UBS forecasts China Q4 growth at 6.9%
Updated: 2015-12-28 10:57
BEIJING - China's economic growth is expected to be unchanged in the fourth quarter of this year, but an improvement is still distant due to property weakness and excess capacity, according to the latest report from UBS.
The Swiss banking group expected Q4 growth of 6.9 percent year on year, bringing 2015 growth to between 6.9 percent and 7 percent.
"November's data release confirms that China's real economy is stabilizing tentatively at low levels, but the continued worsening of property volume construction activity means that we are far from seeing a fundamentals-driven rebound," said the report.
China's November data surprised on the upside, with better infrastructure investment, steady consumption and industrial production up more than expected, it said.
Infrastructure investment jumped by 18.2 percent year on year in the first 11 months of 2015, 0.8 percentage points higher than the Jan-Oct period, official figures show.
Retail sales, a key indicator of consumer spending, rose 11.2 percent year on year in November, the highest monthly growth rate of the year. Value-added industrial output grew 6.2 percent in November, picking up from 5.6-percent in October.
However, property construction lessened, as did real estate investment. Real estate investment rose just 1.3 percent year on year in the first 11 months, compared with 2-percent growth in the Jan-Oct period.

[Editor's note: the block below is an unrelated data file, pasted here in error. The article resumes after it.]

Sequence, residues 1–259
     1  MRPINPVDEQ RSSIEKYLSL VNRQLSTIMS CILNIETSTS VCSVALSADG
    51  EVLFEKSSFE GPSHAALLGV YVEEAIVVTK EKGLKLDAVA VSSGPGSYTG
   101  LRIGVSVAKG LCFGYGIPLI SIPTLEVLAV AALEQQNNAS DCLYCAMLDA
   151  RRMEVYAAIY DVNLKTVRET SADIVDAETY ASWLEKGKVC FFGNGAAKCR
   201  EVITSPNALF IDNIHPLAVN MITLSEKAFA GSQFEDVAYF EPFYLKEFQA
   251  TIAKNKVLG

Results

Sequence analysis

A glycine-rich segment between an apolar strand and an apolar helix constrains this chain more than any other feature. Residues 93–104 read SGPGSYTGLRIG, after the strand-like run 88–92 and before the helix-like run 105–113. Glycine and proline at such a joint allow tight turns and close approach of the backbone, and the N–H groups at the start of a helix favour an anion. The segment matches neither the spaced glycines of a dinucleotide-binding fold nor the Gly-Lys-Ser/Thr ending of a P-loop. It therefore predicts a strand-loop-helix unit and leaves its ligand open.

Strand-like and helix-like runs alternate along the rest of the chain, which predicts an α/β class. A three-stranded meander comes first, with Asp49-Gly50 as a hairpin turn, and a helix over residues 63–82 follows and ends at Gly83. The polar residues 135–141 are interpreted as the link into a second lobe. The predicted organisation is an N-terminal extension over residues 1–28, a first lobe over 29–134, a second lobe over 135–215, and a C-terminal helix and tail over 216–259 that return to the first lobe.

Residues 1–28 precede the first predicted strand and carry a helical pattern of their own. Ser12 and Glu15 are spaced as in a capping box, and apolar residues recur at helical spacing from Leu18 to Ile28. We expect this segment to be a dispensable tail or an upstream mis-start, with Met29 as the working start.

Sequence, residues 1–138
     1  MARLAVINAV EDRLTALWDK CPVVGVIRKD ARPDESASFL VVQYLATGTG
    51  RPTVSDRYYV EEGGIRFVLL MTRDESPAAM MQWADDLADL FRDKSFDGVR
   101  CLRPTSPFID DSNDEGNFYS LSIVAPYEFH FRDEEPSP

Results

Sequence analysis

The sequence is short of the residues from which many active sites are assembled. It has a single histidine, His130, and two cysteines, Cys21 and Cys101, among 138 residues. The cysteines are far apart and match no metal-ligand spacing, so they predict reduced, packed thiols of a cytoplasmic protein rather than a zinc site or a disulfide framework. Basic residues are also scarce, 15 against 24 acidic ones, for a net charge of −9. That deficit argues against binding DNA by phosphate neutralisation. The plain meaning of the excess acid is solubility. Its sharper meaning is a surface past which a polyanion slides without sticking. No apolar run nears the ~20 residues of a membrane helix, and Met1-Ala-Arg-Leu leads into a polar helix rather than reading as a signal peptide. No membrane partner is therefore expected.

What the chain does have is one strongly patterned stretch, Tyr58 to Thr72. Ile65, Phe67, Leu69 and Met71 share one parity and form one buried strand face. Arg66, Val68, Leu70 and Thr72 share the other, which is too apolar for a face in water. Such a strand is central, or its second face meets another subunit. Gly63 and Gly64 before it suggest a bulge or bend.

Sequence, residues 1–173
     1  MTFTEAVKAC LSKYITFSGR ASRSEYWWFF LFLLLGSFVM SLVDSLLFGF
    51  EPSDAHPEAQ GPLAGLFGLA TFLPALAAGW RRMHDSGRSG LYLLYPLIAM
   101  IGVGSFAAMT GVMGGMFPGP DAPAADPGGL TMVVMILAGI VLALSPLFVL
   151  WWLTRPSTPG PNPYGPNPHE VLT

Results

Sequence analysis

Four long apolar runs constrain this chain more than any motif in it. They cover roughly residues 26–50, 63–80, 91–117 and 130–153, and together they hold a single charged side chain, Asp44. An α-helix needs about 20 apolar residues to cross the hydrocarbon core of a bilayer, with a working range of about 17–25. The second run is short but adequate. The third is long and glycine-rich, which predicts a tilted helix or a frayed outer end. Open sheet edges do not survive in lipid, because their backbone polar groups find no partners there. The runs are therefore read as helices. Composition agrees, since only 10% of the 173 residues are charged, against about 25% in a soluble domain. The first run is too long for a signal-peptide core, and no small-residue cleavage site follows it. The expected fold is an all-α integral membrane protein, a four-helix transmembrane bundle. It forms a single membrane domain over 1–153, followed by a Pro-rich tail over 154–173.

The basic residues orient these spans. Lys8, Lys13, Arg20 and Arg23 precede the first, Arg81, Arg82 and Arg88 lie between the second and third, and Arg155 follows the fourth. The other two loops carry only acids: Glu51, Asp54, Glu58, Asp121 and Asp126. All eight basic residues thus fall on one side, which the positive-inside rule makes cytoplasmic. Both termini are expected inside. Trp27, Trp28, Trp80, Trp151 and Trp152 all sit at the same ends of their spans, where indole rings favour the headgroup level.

Corporate investment demand remained weak, said the UBS report.
Supportive policy will only partially offset a weakening property market and excess capacity throughout 2016, as tax cuts for small firms and increased spending on social welfare will take longer to show results, it said.
UBS expects further monetary easing, with two more interest rate cuts early in 2016 and another cut of the reserve requirement ratio by 300 basis points next year.
China's economy will stabilize on a more sustainable basis only after property construction stops sliding and more progress has been made in reducing capacity and closing nonviable enterprises, according to the report.